22. This court has re-evaluated the evidence tendered by the prosecution at the lower court. The evidence of PW1 shows that she was alone in the house with kids and that the robbers struck at 1am and managed to gain access to the house by breaking the window. The complainant indicated that she had not concealed their faces and that they spent more than one hour in her house. She however did not indicate the number of the attackers. How many were they? She only mention that the appellant was armed with a pair of pliers while the rest had clubs (rungus) and an axe.
23. The crucial omission by the prosecution was the source of light that made it possible for the complainant to see the faces of the robbers. The evidence presented does not provide clarity on how PW1 was able to see and identify the appellant given that it was at 1:00 am in the dead of the night. There was no mention of the lighting condition in her house. Was there electricity connected to the house? did she light a lamp, a torch or what made it possible for a positive recognition? This crucial evidence is missing given that is not possible to visually identify someone in pitch darkness. It is of course possible to recognize one by voice especially where the person is familiar but the complainant did not allude to that fact.
24. I have gone through the evidence of PW2 who testified that he was away from home when the incident occurred as he was attending some ‘‘kesha’’ or a religious crusade but rushed home when the wife (PW1) alerted him about the robbery. He testified that the wife was able to recognize one of them but she did not mention names and in particular the appellant. I have keenly looked at the evidence tendered by PW1. She told the trial court on re-examination that, ‘‘I told my husband I had recognized one person from Kisasi but I did not tell him the name.’’ The question posed is why would the complainant fail to mention the name of a person (assailant) whom she knew very well even by his alias name ‘‘Ndungu’’? In my view, that raises some doubts regarding positive identification. The trial court appears to have fell into error by assuming that there must have been sufficient lighting in the complainant’s house to allow her identify the appellant. It was unsafe to make such assumptions. What was required was hard evidence.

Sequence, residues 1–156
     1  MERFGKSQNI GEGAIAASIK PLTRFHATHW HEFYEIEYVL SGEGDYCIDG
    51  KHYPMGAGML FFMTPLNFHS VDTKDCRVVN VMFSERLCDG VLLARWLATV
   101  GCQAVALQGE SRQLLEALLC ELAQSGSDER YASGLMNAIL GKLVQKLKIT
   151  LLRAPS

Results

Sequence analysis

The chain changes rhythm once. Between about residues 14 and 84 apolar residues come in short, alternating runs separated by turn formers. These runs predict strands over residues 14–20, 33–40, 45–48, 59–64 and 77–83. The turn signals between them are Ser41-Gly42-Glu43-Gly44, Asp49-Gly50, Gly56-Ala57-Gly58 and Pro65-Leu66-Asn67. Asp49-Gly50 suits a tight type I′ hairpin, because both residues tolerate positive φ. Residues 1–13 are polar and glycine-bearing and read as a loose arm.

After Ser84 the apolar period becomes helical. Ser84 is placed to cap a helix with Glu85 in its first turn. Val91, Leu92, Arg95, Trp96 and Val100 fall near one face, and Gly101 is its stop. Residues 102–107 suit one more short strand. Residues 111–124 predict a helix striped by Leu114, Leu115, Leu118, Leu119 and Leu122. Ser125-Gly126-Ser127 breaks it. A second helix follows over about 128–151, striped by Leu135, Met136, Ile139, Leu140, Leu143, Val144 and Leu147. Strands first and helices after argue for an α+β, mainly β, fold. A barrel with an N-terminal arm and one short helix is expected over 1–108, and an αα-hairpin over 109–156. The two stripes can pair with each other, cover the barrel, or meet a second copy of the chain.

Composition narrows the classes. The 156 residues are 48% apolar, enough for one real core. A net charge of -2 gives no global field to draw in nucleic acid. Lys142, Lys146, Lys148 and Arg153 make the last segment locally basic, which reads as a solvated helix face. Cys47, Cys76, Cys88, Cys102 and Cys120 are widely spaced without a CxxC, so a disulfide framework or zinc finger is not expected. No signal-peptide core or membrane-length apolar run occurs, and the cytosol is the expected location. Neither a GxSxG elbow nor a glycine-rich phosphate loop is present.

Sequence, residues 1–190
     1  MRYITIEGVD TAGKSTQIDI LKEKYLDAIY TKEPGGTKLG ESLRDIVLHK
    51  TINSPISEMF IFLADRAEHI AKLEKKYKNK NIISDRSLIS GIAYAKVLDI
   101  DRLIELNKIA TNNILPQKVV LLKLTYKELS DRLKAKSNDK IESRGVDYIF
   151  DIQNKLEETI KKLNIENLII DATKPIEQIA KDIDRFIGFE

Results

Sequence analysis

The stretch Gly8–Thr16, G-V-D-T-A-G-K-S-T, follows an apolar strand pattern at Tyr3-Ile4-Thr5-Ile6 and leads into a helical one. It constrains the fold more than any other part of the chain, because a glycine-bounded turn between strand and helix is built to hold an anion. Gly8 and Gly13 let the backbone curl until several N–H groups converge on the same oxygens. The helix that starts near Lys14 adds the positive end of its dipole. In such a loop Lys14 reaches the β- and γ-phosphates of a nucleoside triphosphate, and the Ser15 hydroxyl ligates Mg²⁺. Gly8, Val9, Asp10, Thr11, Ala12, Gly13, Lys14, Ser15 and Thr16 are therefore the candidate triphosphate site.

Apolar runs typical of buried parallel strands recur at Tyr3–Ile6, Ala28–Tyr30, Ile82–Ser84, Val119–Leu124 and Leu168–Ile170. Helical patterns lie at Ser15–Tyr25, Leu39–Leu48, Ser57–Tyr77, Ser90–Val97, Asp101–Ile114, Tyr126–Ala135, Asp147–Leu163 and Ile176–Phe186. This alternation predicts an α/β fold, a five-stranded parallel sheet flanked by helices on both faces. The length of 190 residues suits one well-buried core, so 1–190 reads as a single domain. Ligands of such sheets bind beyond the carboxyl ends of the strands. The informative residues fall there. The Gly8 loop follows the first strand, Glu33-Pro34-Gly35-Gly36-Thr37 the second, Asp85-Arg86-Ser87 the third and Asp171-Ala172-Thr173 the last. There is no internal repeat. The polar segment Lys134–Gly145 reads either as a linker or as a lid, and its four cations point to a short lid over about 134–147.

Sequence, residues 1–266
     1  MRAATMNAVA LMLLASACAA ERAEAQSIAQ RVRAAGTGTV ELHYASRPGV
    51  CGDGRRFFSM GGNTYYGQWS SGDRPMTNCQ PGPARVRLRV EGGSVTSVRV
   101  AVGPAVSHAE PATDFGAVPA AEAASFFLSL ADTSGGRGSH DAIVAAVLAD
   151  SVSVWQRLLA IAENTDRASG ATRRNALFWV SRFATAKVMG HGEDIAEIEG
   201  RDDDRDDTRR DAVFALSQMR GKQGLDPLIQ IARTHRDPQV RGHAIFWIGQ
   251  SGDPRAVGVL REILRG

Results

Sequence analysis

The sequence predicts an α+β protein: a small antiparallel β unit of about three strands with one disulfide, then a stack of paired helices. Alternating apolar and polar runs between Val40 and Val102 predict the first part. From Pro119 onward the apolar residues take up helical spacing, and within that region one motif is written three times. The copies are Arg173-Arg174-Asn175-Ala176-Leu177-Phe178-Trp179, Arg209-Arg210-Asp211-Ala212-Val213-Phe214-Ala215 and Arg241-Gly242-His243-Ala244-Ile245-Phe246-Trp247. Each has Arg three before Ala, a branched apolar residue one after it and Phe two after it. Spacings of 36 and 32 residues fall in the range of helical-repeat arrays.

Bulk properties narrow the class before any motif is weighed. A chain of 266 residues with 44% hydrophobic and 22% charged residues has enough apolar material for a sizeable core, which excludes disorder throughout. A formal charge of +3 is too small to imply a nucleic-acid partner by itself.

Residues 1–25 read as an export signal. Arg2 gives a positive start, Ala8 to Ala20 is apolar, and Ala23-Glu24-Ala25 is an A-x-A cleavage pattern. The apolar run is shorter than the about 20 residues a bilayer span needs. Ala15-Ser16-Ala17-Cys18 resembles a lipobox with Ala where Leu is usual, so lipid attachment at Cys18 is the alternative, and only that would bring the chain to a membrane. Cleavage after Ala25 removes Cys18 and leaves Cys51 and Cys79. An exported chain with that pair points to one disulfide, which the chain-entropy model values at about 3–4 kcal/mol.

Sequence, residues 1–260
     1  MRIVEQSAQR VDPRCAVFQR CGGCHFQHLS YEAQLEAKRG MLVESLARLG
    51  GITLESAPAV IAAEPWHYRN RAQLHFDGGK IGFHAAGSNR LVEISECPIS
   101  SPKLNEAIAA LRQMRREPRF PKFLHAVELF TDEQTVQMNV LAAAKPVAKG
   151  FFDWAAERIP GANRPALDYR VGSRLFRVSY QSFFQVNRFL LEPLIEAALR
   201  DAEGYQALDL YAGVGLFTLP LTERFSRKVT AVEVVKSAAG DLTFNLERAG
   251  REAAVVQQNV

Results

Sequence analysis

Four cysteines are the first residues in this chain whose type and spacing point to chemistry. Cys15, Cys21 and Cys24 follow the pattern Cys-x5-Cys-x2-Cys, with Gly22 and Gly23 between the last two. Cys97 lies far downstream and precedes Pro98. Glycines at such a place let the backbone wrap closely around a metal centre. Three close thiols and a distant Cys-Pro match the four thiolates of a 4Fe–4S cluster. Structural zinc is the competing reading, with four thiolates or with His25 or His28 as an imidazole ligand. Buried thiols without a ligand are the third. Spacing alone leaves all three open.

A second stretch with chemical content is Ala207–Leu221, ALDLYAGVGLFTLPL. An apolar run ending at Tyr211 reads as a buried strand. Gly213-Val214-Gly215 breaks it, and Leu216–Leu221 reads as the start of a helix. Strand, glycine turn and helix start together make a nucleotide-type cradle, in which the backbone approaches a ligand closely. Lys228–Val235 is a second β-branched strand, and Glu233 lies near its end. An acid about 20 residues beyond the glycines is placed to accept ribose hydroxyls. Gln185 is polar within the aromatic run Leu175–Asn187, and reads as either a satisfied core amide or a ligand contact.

25. Secondly, I have noted from the evidence tendered that there is a mention of safari boots which helped the trackers trail the suspect (appellant) to his house. That could have provided a good link but there is a missing nexus because PW1 did not state that she saw the appellant wearing the boots at her house during the robbery incident. Had she done so, then perhaps there could have been some nexus between the safari boots shoes recovered from the appellant’s house with the commission of the offence. The trial court fell into error when it concluded that PW2 & PW4 followed safari boots prints to the house of the appellant. There is no evidence from PW2 and PW4 that they got crucial lead from PW1 that one of the attackers was wearing safari boots which could then have meant that they were out following some specific foot prints of safari boots and not just any other foot prints. It is true that there was evidence that it had rained at the time but the said missing crucial link cannot be disregarded given the fact that the standard of proof applicable here is high (beyond reasonable doubt).
26. It is possible that visual identification can be mistaken and hence can cause miscarriage of justice and that is why there is need to weigh/evaluate the evidence carefully to avoid such a scenario. In Wamunga Versus Republic (1989) eKLR 425. The court held as follows: -